History Template

Early Mail - The Only Link

Living in the Animas Valley in 1876 –we paid 25 cents for a letter and we’re lucky to get it; it was our only contact with the outside world. Only twice during that whole winter was mail delivered to Trimble Springs – by way of the deer trail between here and Silverton via snow shoes. During good weather, mail was delivered once or twice a month.

Martha A. Roberts,
Second woman settler of the Animas Valley, Hermosa, Colo

While stagecoaches were standard transportation for much of the nation, the mountains and rugged terrain of the San Juans exemplified the impossibility of normal transport. With Colorado’s Rocky Mountains in mind, the United States Congress conceded that on certain mail routes the Postmaster General might contract to private companies to have the mail carried without specifying the means of carrying it. Mail routes to which this arrangement applied were designated in the records with asterisks and came to be known as Star Routes.

Private express lines took on these mail contracts and provided a vital service for the earliest miners and pioneers. While the government delivered mail to the principal routes, these express companies serviced the government’s void and provided mail delivery to the earliest post offices of Southwest Colorado, all of which opened in 1875: Silverton, Howardsville, Lake City, Animas Forks, Eureka, Ouray and Parrott City. The express charge for this private carriage of letters was twenty five cents – paid by the recipient. This was in addition to the regular United States postage paid by the sender, which was three cents on a half ounce (single page) letter. The carriage of letters and parcels could be a lucrative business, undoubtedly more dependable than prospecting itself. In 1859, when one of these private expresses arrived in Denver, hours were often consumed while mail was delivered to those standing in a line blocks long; the carriage charge was often paid in gold dust which had to be laboriously weighed out. Men with money would often buy a front position in line from some person whose time had a smaller commercial value.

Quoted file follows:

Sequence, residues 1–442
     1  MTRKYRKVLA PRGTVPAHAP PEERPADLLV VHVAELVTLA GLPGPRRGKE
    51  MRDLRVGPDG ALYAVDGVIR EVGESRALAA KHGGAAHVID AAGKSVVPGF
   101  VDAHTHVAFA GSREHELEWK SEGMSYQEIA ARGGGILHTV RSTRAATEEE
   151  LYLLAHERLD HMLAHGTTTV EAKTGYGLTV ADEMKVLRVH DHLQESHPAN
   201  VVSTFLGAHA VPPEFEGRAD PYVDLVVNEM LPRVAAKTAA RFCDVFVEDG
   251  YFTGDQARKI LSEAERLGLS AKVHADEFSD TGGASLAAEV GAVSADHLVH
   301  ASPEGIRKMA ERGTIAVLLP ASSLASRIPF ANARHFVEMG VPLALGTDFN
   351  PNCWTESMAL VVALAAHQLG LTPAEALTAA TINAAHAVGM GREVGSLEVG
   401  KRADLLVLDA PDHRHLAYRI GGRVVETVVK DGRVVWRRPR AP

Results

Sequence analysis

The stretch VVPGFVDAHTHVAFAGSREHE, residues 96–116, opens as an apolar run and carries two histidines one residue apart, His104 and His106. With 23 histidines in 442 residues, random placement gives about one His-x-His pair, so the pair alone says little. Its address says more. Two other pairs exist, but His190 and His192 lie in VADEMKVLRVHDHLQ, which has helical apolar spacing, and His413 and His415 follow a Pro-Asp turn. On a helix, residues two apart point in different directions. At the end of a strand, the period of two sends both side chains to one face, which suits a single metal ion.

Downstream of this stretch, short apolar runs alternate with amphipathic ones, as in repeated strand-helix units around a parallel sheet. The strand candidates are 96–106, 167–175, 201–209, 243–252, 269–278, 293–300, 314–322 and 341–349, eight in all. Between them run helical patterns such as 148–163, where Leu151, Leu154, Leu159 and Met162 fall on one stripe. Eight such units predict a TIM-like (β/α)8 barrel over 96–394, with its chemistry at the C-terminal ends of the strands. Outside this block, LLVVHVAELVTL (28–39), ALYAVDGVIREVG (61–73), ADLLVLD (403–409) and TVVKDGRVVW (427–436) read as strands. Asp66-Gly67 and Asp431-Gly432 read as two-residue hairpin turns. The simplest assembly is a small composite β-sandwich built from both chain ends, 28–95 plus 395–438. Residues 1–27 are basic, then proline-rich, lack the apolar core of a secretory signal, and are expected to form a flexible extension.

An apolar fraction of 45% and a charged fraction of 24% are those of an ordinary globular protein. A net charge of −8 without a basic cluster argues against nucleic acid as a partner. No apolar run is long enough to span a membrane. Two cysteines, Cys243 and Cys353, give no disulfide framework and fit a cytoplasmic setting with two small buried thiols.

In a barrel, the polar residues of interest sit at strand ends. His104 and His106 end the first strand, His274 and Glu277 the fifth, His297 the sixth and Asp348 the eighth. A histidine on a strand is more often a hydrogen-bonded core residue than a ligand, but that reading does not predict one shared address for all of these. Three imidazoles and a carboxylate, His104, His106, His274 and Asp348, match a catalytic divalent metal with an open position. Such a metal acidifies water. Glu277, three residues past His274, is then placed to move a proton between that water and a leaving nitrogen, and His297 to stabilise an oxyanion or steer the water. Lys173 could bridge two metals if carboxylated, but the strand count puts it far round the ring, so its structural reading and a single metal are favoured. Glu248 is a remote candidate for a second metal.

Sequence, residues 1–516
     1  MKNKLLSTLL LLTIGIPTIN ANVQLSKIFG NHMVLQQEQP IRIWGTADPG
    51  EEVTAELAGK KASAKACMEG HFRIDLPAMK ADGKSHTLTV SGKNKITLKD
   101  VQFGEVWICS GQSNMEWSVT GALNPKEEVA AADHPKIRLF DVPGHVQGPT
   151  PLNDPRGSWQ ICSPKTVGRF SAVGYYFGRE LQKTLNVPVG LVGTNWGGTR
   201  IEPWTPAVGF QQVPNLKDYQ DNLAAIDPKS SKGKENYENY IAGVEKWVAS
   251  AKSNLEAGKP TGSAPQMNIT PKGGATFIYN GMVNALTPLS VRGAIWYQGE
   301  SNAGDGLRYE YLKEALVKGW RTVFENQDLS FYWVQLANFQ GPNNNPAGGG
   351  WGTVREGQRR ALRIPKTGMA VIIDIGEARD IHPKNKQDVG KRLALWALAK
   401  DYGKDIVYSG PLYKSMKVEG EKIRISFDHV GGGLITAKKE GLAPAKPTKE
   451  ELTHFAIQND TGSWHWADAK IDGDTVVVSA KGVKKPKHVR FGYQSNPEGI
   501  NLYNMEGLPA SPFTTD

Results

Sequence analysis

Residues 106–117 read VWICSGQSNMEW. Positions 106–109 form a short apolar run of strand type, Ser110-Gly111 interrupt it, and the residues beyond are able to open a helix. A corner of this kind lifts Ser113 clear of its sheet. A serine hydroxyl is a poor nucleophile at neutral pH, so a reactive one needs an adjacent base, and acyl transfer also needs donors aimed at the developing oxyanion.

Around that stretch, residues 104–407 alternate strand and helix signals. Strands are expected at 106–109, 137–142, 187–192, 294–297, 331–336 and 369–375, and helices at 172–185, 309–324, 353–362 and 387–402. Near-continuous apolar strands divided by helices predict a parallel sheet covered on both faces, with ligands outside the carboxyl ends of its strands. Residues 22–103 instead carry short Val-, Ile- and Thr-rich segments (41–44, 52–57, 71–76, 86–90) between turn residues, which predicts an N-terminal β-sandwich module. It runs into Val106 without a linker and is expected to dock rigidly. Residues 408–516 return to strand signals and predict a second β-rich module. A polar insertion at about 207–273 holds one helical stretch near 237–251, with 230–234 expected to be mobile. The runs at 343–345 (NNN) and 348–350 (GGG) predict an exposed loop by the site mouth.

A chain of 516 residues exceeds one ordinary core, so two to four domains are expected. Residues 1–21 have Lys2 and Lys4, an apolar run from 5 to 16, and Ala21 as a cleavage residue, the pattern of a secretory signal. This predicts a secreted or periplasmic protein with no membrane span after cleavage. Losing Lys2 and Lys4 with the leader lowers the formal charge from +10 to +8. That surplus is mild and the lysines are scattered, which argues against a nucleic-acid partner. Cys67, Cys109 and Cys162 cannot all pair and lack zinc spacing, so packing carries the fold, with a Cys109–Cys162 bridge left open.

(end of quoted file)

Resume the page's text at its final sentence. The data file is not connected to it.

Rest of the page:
By 1875 Ouray had become the home of mining supervisors, engineers and their wives. Ouray was 80 miles off the beaten track with no way of getting mail. Otto Mears volunteered to perform delivery of mail to Ouray (in addition to his other mail contracts) at $30 a trip, once a week. His carrier never missed a week until the snow became treacherous; very deep and very soft. The people in Ouray were now ordering tobacco, coffee and sugar as well as ladies’ hats and drygoods — all by mail. Inevitably, these items got rather smashed during the trip because the exhausted carrier would sit on the toboggan. The recipients of Ouray complained to the Postal Department in Washington which then mandated that mail was to be carried on snowshoes and that toboggans should not be used to deliver ladies’ hats and general supplies. In March, 1876, the snow got so bad that neither dogs nor snowshoes could be used, and the carriers quit hauling mail to Ouray.